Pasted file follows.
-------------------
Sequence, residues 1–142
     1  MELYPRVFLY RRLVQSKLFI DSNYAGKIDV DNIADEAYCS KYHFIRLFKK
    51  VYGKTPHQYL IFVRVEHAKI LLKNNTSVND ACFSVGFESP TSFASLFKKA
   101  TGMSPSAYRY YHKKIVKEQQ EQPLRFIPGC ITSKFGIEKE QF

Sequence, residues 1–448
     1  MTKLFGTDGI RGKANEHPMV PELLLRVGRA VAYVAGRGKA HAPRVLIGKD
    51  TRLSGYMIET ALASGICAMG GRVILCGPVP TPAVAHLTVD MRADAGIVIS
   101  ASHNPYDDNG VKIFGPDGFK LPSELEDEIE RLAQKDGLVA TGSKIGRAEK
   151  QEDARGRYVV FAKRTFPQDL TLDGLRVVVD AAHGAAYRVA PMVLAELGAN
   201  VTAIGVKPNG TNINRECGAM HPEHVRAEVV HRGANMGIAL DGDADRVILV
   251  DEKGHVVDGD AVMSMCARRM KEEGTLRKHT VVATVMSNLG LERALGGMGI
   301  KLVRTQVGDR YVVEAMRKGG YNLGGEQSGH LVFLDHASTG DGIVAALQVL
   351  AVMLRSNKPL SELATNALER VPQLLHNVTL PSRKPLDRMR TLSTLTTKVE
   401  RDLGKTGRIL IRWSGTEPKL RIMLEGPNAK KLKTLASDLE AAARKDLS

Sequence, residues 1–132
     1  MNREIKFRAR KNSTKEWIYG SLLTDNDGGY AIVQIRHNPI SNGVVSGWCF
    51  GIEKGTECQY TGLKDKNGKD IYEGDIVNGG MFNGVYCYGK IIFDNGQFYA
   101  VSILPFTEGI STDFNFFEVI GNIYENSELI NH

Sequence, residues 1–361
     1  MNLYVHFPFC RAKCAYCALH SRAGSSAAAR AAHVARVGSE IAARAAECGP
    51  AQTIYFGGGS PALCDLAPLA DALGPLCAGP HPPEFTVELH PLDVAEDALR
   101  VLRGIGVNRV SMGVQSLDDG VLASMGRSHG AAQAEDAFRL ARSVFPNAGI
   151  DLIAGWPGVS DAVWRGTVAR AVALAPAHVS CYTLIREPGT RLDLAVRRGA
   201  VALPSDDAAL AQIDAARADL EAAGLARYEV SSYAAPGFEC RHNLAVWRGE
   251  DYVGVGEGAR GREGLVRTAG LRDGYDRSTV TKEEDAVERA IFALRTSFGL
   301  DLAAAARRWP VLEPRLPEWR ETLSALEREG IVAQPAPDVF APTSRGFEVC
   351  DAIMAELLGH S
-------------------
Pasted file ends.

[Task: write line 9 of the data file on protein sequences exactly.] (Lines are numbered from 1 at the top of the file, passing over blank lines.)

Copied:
   151  QEDARGRYVV FAKRTFPQDL TLDGLRVVVD AAHGAAYRVA PMVLAELGAN